Compensatory mechanisms generally present in patients with heart failure include increased pre-load, activation of the sympathetic nervous system and the renin–angiotensin–aldosterone system, and increased release of AVP. Although these mechanisms can initially compensate for mild to moderate cardiac dysfunction, with increasing severity of dysfunction, they may actually contrib-ute to the cardiac impairment. Many of the drug treatments of chronic heart failure serve to coun-teract these mechanisms.
An increase in ventricular size not only reflects an inability to keep up with an increased circulating blood volume, but also serves to increase stroke vol-ume by moving the heart up the Starling curve (see Figure 20–4). Even when EF is reduced, an increase in ventricular end-diastolic volume can maintain a normal stroke volume. Worsening venous conges-tion caused by the pooling of blood behind the fail-ing ventricle and excessive ventricular dilatation can rapidly lead to clinical deterioration. Left ventricu-lar failure results in pulmonary vascular congestion and progressive transudation of fluid, first into the pulmonary interstitium and then into alveoli (pul-monary edema). Right ventricular failure leads to systemic venous hypertension, which results in peripheral edema, hepatic congestion and dysfunc-tion, and ascites. Dilatation of the annulus of either AV valve leads to valvular regurgitation, further impairing ventricular output.
Sympathetic activation increases release of norepi-nephrine from nerve endings in the heart and the adrenal secretion of epinephrine into the circula-tion. Plasma catecholamine levels are generally directly proportional to the degree of left ventricu-lar dysfunction. Although enhanced sympathetic outflow can initially maintain cardiac output by increasing heart rate and contractility, worsening ventricular function elicits increasing degrees of vasoconstriction in an effort to maintain arterial blood pressure. The associated increase in afterload, however, reduces cardiac output and exacerbates the ventricular failure.Chronic sympathetic activation in patients with heart failure eventually decreases the response of adrenergic receptorsto catecholamines (receptor uncoupling), the number of receptors (down-regulation), and cardiac catecholamine stores. 11 Nonetheless, the failing heart becomesincreasingly dependent on circulating cate-cholamines. Abrupt withdrawal in sympathetic out-flow or decreases in circulating catecholamine levels, such as can occur following induction of anesthesia, may lead to acute cardiac decompensa-tion. A reduced density of M 2 receptors also decreases parasympathetic influences on the heart.
Sympathetic activation tends to redistribute systemic blood flow output away from the skin, gut, kidneys, and skeletal muscle to the heart and brain. Decreased renal perfusion, together with β1-adrenergic activity at the juxtaglomerular appa-ratus, activates the renin–angiotensin–aldosterone axis, which leads to sodium retention and intersti-tial edema. Moreover, vasoconstriction secondary to elevated angiotensin II levels increases left ven-tricular afterload and causes further deterioration of systolic function. The latter partially accounts for the efficacy of angiotensin-converting enzyme (ACE) inhibitors and angiotensin receptor block-ers in heart failure. Symptoms may also improve in some patients with careful, low-dose β-adrenergic blockade. Outcomes in heart failure are improved by administration of ACE inhibitors (and/or angiotensin receptor blockers), certain long-acting β-blockers (carvedilol or extended release meto-prolol), and aldosterone inhibitors (spironolactone or eplerenone).Circulating AVP levels, often markedly increased in patients with severe heart failure, will increase ventricular afterload and are responsible for a defect in free water clearance that is commonly associated with hyponatremia.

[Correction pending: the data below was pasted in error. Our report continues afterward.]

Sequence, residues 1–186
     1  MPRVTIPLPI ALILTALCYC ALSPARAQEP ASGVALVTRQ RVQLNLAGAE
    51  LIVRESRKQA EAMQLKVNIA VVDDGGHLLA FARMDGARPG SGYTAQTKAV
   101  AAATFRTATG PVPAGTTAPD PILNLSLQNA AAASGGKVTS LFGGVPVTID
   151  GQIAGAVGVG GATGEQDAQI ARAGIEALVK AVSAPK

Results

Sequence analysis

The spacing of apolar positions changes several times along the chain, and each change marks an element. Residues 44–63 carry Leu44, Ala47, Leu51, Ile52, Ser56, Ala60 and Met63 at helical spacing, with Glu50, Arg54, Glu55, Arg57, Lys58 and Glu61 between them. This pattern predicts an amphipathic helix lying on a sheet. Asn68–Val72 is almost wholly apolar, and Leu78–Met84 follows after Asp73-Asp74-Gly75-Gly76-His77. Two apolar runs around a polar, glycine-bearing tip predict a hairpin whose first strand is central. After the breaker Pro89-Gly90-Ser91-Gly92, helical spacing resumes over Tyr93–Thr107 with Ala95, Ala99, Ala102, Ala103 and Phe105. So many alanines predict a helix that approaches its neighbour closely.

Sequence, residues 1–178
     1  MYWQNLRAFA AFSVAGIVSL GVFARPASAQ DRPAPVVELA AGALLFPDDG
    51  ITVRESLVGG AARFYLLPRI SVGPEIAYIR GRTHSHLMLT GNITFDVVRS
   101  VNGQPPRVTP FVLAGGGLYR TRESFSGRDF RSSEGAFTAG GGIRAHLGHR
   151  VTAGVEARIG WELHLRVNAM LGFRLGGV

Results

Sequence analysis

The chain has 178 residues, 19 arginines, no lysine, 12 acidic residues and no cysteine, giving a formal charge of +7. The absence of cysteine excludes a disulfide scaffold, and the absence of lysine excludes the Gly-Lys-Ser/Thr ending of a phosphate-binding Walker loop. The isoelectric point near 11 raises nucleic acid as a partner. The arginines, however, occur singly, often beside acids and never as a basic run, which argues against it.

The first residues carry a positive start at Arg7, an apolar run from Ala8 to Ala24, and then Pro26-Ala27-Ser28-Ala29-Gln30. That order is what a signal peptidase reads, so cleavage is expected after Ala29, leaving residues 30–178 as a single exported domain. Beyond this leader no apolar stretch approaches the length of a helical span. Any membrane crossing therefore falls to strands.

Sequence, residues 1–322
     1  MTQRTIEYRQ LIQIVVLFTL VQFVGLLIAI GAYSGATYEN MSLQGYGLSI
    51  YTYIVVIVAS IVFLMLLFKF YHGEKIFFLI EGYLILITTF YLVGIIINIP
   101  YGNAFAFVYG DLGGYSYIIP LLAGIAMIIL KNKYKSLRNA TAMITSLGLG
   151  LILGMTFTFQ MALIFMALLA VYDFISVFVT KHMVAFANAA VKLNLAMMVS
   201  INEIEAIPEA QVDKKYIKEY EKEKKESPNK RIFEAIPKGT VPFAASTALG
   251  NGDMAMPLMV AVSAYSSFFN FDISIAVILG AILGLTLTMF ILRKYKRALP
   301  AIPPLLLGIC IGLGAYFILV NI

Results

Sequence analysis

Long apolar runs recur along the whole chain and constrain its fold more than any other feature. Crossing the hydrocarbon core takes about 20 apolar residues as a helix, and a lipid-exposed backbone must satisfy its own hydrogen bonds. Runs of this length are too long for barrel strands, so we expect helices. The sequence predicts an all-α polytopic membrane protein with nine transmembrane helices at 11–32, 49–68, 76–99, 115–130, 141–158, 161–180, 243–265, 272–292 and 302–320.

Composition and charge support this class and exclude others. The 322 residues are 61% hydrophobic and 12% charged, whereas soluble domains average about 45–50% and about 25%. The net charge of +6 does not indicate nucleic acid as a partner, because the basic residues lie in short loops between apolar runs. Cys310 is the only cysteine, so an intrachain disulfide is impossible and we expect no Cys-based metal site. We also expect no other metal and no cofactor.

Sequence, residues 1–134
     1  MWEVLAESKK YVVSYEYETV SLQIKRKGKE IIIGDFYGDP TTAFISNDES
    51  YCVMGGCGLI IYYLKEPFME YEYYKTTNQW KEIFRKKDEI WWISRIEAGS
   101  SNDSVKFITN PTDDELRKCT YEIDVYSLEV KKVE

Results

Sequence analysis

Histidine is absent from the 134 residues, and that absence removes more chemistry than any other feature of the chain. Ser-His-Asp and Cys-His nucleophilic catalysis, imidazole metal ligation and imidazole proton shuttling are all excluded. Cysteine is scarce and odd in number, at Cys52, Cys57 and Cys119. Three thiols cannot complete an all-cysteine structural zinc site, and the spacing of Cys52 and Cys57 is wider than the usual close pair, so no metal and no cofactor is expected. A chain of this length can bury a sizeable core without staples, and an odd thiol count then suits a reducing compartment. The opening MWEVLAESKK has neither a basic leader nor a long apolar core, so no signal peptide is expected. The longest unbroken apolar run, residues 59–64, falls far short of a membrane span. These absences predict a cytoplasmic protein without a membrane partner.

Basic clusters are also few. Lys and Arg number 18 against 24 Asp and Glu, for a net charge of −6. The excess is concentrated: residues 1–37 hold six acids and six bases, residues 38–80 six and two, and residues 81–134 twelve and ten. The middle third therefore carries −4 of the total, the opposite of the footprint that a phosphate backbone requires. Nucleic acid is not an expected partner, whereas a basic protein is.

Brain natriuretic peptide (BNP) is produced in the heart in response to myocyte distention. Elevated BNP concentration (>500 pg/mL) usually indicates heart failure, and measurement of BNP concentration can be used to distinguish between heart failure and lung disease as a cause of dyspnea. Recombinant BNP was developed as a vasodilator and inhibitor of the renin–angiotensin–aldoste-rone system for use in patients with severe decom-pensated heart failure, but outcomes were not improved with its use.
Ventricular hypertrophy can occur with or without dilatation, depending on the type of stress imposed on the ventricle. When the heart is subjected to either pressure or volume overload, the initial response is to increase sarcomere length and optimally overlap actin and myosin. With time, ventricular muscle mass begins to increase in response to the abnormal stress.
In the volume-overloaded ventricle, the prob-lem is an increase in diastolic wall stress. The increase in ventricular muscle mass is sufficient only to compensate for the increase in diameter: The ratio of the ventricular radius to wall thickness is unchanged. Sarcomeres replicate mainly in series, resulting in eccentric hypertrophy. Although ven-tricular EF remains depressed, the increase in end-diastolic volume can maintain normal at-rest stroke volume (and cardiac output).
The problem in a pressure-overloaded ven-tricle is an increase in systolic wall stress. In this case, sarcomeres mainly replicate in parallel, result-ing in concentric hypertrophy: The hypertrophy is such that the ratio of myocardial wall thickness to ventricular radius increases. As can be seen from Laplace’s law, systolic wall stress can then be nor-malized. Ventricular hypertrophy, particularly that caused by pressure overload, usually results in pro-gressive diastolic dysfunction. The most common reasons for isolated left ventricular hypertrophy are hypertension and aortic stenosis.